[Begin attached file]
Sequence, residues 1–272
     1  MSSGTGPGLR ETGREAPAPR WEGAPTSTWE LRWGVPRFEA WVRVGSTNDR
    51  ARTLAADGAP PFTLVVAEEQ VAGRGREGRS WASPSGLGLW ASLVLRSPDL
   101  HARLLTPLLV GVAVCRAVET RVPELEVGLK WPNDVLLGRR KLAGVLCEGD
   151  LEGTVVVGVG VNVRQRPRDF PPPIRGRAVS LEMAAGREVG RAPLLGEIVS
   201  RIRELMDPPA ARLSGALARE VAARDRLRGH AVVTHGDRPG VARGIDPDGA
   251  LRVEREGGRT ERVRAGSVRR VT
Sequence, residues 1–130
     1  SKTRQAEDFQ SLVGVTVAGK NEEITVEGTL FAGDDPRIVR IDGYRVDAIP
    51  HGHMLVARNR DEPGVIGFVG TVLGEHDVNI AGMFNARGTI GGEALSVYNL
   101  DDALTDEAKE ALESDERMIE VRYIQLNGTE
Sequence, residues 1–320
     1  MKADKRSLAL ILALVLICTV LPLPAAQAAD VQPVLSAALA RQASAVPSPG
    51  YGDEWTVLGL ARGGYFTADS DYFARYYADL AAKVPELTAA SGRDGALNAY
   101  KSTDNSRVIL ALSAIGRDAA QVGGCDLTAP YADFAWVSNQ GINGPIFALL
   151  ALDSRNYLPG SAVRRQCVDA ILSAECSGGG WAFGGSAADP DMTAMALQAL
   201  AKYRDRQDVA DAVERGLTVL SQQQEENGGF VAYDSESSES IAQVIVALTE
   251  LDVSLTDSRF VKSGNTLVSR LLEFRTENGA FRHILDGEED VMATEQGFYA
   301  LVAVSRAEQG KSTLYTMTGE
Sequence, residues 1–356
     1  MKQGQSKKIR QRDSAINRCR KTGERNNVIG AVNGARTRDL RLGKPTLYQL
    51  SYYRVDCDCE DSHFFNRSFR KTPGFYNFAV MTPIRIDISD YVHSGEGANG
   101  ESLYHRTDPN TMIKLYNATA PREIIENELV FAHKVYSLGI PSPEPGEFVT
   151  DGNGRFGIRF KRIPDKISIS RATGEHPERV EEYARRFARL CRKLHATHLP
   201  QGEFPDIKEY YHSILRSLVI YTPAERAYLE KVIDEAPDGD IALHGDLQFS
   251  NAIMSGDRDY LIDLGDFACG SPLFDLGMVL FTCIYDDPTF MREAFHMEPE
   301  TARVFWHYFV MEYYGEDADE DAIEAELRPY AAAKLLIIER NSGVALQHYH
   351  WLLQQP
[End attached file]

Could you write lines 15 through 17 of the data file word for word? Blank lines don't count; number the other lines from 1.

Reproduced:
   101  KSTDNSRVIL ALSAIGRDAA QVGGCDLTAP YADFAWVSNQ GINGPIFALL
   151  ALDSRNYLPG SAVRRQCVDA ILSAECSGGG WAFGGSAADP DMTAMALQAL
   201  AKYRDRQDVA DAVERGLTVL SQQQEENGGF VAYDSESSES IAQVIVALTE